6. Flooding the ballast tanks adjacent to the damaged tank with sea water, where possible, will reduce the effect of embrittlement on the adjoining bulkheads and prevent gas vapour from entering undamaged tanks.

  7. The operation of water sprays and curtains will reduce the possibility of vapour cloud ignition on deck, assuming the deluge and fire main systems are still intact.

  8. If ignition does occur, the resulting fire may be such that the dry powder capacity onboard could be exhausted or, if the fire is extinguished, reserves have been run so low that any re-ignition could not be contained. Therefore, thought should be given to the desirability of allowing the fire to burn in a controlled manner.

  9. Before attempting to fight large fires, due consideration should be given to the possible options:
    i) Allowing a fire to continue to burn thus running the risk of the fire spreading and greater damage being caused.
    ii) Extinguishing the fire and running the risk of damage to life and property if unignited vapour is allowed to drift under light wind conditions to areas of high ignition risk.

  10. Where cargo is jettisoned, personnel should be aware of the Rapid Phase Transition (RPT) phenomenon. When LNG, particularly if the LNG is aged, is spilled on to water, a violent interaction can occur. This is the result of rapid vaporisation of the LNG, superheated by contact with water.

  11. A very careful check should be maintained on all intact cargo tanks, barriers and adjacent compartments.

  12. Once the situation has been stabilised and the stability of the vessel is secured, consideration can be given to the problem of what to do with the remaining cargo in the damaged tank.
    Factors will include:

    i) Damage to the vessel and quantity of remaining cargo.
    ii) The operational status of the propulsion machinery, cargo containment system and cargo transfer system.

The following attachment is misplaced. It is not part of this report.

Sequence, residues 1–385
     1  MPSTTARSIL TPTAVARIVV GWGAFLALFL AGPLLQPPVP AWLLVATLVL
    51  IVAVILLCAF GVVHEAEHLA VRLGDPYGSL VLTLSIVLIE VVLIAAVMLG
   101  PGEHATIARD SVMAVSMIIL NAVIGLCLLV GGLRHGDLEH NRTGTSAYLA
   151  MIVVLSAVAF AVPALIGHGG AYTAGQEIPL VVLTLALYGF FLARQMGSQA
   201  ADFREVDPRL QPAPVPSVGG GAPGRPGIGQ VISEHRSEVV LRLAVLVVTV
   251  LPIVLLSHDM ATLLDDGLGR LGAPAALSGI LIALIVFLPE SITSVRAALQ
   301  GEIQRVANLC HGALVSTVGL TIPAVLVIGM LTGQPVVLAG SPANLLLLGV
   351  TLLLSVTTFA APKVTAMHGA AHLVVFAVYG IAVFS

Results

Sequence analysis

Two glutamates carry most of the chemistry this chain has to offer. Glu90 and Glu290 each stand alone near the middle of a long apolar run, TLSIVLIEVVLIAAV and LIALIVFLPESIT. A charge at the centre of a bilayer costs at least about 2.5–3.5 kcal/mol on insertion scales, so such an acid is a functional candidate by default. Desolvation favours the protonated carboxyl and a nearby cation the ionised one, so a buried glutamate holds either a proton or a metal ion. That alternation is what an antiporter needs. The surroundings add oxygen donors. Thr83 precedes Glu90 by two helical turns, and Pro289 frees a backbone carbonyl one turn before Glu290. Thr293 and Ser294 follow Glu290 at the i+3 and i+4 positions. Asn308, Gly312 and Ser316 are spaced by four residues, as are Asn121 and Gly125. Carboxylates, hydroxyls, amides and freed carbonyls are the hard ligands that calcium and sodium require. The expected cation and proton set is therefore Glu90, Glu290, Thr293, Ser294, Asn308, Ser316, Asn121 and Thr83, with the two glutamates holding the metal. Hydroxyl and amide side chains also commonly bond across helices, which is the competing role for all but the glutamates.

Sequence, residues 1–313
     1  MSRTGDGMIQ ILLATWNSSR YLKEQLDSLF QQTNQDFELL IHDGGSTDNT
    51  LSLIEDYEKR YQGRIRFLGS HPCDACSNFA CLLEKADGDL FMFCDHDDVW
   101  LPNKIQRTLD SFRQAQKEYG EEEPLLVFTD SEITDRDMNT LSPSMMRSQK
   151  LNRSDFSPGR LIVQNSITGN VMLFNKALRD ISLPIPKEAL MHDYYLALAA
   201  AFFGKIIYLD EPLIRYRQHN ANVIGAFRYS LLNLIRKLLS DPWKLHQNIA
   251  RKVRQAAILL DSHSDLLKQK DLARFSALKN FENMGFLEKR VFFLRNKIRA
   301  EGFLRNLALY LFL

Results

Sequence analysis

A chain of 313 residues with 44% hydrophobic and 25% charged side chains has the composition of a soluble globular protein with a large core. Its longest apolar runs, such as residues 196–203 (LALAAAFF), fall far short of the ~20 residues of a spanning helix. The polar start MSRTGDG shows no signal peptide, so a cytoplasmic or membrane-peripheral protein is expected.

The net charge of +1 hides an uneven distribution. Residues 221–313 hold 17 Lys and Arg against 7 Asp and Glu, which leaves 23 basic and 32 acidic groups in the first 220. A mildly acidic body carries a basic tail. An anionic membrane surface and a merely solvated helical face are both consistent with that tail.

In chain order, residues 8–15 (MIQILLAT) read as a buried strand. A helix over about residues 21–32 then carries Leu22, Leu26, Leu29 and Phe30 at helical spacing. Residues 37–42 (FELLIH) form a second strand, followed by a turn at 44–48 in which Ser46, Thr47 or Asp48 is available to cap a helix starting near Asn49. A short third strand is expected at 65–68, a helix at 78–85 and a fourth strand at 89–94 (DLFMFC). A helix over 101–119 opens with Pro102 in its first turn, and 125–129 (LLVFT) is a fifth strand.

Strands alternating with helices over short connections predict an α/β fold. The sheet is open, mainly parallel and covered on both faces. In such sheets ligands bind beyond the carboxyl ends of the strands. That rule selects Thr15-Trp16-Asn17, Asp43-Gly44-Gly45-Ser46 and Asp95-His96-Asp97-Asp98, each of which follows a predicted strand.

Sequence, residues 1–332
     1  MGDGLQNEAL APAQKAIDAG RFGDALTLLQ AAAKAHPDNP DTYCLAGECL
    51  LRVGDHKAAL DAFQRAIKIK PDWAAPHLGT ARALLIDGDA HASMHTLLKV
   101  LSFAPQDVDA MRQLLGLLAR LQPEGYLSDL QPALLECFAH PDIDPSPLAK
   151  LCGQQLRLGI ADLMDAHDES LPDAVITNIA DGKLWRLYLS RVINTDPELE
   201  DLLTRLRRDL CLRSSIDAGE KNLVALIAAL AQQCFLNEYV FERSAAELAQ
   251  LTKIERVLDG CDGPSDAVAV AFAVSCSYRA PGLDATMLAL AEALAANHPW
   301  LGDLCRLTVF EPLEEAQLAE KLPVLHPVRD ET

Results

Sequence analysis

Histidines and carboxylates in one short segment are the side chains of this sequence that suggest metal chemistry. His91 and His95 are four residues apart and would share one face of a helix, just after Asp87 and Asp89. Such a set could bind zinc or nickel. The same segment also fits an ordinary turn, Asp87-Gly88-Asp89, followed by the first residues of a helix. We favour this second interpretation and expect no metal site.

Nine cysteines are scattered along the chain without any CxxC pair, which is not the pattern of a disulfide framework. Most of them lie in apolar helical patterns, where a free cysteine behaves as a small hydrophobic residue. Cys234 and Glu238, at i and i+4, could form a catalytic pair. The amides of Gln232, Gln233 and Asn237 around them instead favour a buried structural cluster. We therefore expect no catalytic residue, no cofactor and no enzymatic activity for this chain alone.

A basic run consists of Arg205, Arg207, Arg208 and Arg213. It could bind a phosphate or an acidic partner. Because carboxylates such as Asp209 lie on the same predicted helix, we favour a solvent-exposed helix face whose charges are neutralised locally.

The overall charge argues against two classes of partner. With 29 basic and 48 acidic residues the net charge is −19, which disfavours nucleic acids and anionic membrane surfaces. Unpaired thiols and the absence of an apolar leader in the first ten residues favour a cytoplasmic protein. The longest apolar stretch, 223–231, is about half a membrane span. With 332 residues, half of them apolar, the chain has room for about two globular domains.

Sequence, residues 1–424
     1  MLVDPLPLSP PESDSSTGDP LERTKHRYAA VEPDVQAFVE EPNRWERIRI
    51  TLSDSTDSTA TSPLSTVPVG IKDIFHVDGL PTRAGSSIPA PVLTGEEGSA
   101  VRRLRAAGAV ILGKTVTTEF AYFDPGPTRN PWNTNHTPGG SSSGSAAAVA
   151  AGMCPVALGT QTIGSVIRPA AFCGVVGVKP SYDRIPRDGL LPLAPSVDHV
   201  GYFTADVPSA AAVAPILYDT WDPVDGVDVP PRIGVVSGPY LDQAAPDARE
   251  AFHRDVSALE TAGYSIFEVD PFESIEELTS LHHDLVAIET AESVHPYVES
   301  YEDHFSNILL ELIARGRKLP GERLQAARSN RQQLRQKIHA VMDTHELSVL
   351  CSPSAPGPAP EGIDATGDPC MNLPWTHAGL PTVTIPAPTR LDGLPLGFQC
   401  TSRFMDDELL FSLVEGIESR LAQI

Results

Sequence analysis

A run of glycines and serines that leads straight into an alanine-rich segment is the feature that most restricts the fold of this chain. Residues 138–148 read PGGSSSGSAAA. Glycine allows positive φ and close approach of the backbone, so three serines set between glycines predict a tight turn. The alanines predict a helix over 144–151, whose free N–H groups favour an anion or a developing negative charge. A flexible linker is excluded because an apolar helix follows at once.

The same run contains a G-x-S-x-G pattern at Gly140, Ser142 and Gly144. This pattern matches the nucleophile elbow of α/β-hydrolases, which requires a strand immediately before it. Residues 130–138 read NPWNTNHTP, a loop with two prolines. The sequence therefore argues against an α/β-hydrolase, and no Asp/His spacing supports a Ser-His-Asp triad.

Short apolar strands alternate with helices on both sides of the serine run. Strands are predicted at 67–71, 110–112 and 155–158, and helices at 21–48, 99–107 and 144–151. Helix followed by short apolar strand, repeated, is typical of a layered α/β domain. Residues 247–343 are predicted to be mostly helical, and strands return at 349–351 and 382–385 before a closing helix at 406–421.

iii) The location of the vessel.
    iv) If the cargo containment system is intact, the possibility of ship to ship transfer may be considered.

Related Information:

  1. LNG tank leaks and immediate action by gas carriers

  2. Leaks from a Loading Arm due to Tidal or Current Effects

  3. Minor or major leaks from LNG tanks

  4. Risk of Overfilling of Cargo Tank during Loading

  5. Connection and disconnection of cargo hoses and hard arms

Related Information:

  1. Procedure for Water washing after Ammonia Cargoes

  2. Procedure for Changing Liquefied Gas Cargoes

  3. Use of cargo as fuel -Cargo conditioning, reliquefaction and boil-off control for LNG carriers

  4. Displacing with Vapour of the Next Cargo (Purging)

  5. Dispersal of Vented Cargo Vapours

  6. Details of various cargo handling equipment onboard

More info pages

Cargo conditioning, reliquefaction and boil-off control requirement for a liquefied gas carrier

Cargo Containment Systems in Liquefied Gas Carriers

cargo emergency shutdown requirement

damage stability guideline for liquefied gas carriers

Various Cargo handling equipments onboard

Cargo hoses connection guideline

Documents accompanying a liquid gas cargo

How LNG transferred from shore to ships cargo tanks ?

Cargo operation guideline onboard a liquefied gas carrier

Cargo piping Systems in Liquefied Gas Carriers

cargo planning requirement

cargo and pumproom safety precautions

cargo stripping guideline

Emergency response for cargo system leaks

Emergency response for cargo tank rupture

Risk of overfilling of cargo tank during loading onboard a liquefied gas carrier

Preparation for cargo transfer

cargo transfer between vessels- safety guideline